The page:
• Expectations of meeting (both sides)

There should always be sales and pre-sales at engagements, sending in one without the other is likely to be a waste of time and will diminish credibility no matter how experienced you are.  A sign of a successful demo is one where the sales person says relatively little, this means that you are engaging the customer and he or she has no need to “fill the gaps”. It is the responsibility of the sales resource to get the right people in the room (decision makers and influencers) as a pre sales resource it is your responsibility to sell to them effectively. Remember business resources buy CRM solutions, if you are sat presenting to a load of IT people, your sales resource has failed to engage properly and get the right audience in the room. Avoid arranging a combined meeting with Business and IT the objectives and language used will be very different and it is likely that both audiences will leave disappointed.

Discovery Call

Do some research, find out as much as you before the meeting, get an understanding of their competitors, their customers, their industry and the purpose of the project. For example interview or discovery questions see my post on CRM Workshop questions. If possible, try to arrange demo’s in functional groups so demos are more targeted to the how they would use it. Once you have had the discovery call, design the demo story you should verify your proposed script with the client (see the next section).

Try and get screenshots of their existing system or even a demo. Don’t try and rebuild their exiting system when you tailor the demo, focus on the most important scenarios. Instead, make sure that the elements you are going to show are relevant, that the data is correct, perhaps mimic a report and add real users.

Prepare a very short presentation to set the scene and objectives of the demo. Keep the number of slides to a minimum (I try to keep it under 5), don’t use PowerPoint as a script for the meeting, if you need to be reminded about things to raise then use cards instead. Imagine that you lose a certain % of the audience’s interest for every slide that you add. Try and turn the demo into a story, a day in the life of (role) is an effective way to show software and relate to their business. Use the slide to visually depict the process/scene they are going to see. This will help them follow the demo and stop you losing them part way through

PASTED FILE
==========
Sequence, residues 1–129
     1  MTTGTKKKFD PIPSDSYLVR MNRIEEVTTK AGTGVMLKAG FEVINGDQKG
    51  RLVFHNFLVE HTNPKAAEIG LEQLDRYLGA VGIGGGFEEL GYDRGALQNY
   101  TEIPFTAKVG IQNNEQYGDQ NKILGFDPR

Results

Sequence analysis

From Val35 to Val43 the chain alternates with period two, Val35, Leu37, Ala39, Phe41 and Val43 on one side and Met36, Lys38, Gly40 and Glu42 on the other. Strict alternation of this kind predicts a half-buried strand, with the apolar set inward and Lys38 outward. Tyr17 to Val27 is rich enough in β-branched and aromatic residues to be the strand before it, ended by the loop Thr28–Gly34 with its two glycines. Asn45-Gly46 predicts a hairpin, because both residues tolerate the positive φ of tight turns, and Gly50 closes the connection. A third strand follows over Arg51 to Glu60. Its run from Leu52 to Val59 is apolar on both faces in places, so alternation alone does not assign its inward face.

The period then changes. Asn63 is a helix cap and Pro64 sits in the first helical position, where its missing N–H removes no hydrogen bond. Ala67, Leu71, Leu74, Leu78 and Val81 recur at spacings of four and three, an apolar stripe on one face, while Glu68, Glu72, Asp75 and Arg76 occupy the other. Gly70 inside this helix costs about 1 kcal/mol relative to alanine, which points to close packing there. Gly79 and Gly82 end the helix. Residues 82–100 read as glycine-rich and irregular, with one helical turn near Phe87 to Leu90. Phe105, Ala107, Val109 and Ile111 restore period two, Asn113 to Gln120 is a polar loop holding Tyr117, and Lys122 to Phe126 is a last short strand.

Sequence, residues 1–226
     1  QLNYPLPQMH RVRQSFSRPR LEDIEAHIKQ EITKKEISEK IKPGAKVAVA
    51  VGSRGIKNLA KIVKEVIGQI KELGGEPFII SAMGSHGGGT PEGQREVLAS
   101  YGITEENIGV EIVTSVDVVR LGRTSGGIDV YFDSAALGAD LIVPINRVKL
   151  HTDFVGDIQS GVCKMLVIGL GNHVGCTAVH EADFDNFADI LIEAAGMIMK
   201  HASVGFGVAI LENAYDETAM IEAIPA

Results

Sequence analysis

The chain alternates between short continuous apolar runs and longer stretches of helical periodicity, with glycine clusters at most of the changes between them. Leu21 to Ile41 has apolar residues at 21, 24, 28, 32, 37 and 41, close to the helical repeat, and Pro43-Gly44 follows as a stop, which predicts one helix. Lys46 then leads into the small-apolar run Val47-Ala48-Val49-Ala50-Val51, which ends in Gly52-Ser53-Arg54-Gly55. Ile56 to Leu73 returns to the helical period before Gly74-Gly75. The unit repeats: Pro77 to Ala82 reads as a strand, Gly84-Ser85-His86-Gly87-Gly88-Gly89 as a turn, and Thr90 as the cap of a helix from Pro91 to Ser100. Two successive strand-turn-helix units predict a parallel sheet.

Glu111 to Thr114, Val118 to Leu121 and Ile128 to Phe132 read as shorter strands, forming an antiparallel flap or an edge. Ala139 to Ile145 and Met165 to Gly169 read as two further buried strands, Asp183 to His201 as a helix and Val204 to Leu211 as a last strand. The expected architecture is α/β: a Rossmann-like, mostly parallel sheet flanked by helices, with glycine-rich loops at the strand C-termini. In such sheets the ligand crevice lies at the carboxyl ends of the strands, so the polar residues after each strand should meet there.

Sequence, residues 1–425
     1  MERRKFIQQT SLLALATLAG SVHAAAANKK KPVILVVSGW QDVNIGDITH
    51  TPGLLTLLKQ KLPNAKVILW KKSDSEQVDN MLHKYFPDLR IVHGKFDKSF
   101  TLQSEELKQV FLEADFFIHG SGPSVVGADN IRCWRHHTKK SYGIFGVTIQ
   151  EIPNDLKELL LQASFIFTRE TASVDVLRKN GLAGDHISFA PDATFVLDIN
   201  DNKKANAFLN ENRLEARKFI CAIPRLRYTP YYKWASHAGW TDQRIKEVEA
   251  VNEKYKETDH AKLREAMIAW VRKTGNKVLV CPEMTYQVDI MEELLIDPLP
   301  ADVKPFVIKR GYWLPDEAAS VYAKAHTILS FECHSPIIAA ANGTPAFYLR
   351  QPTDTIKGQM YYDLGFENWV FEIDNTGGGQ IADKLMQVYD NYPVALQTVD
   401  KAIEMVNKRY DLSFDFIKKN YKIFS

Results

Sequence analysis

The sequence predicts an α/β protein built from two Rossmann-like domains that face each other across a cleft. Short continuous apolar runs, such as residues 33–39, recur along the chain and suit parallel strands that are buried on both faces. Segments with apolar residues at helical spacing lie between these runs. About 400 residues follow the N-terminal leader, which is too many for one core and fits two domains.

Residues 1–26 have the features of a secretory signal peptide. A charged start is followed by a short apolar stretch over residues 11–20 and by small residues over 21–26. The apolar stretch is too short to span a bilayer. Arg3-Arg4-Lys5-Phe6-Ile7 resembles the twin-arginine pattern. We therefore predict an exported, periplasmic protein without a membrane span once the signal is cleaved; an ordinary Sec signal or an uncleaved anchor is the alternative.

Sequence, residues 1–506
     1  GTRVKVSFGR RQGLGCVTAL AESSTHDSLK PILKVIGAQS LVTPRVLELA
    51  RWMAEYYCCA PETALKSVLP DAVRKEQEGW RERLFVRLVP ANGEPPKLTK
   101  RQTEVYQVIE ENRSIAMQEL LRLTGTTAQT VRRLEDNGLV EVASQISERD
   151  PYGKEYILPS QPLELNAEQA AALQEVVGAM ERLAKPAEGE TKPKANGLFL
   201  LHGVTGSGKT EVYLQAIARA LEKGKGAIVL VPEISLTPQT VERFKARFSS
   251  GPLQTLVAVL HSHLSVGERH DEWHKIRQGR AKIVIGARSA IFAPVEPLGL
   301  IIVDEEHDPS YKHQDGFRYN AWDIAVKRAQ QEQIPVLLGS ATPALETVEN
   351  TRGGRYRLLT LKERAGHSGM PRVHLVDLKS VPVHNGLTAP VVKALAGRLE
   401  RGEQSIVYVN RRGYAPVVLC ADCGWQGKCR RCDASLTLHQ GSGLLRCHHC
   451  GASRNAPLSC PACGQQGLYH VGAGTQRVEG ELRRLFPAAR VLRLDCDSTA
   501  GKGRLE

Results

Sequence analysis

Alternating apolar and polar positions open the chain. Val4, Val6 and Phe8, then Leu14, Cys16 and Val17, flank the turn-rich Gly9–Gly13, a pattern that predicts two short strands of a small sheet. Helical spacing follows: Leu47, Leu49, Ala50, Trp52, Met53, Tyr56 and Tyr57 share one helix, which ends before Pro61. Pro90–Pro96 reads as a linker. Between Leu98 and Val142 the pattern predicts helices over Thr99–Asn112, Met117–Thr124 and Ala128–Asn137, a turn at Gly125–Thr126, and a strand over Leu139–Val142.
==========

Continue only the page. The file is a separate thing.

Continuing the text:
Verification Call

Once you have a good understanding on the requirements, design an outline demo and arrange a call to verify these requirement and verify that your proposed scenario is appropriate. If possible and if it is appropriate to do so, do a dry run with the client. Confirm the logistics for the day:

  • Location
  • Duration of the meeting
  • Number of people
  • Audience Type
  • Projector or Screen
  • Internet Access / Wifi
  • Languages (you may need to compensate any language issues by speaking slower)

Test & Rehearsal

Go through the proposed demo and make sure it becomes natural, remove elements (such as fields/navigation items) that you are not going to show to make it relevant. When you are rehearsing make notes of any data that doesn’t look right, continue to refine until you are 100% confident. Time the demo and make sure that each scene is of appropriate length, cut anything that is not essential. If possible I do a silent run an hour or so before the demo, this really helps me make the real thing feel natural.

Create a demo cheat sheet, you can see an example one of these on my post A sample Microsoft CRM 2011 Demo Script.

Remember, make sure that your demo relates to their specific scenario and industry. Make sure that every screen you are going to show them has good data, each report is populated and charts / dashboard make sense.

During the demo  – keep them engaged

If you are sufficiently prepared, this is the fun part, this is your chance to put on a show. If you know the customer, know your demo and you believe in your solution and you can deliver this with passion you and your audience will get the most out the demo. Be confident but do not patronise the audience.

I love going into meetings with the belief that I have a solution to their problem. It is why I do what I do.


Deliver the short presentation to set the scene and objectives of the meeting. Use  the Tell – Show – Tell technique: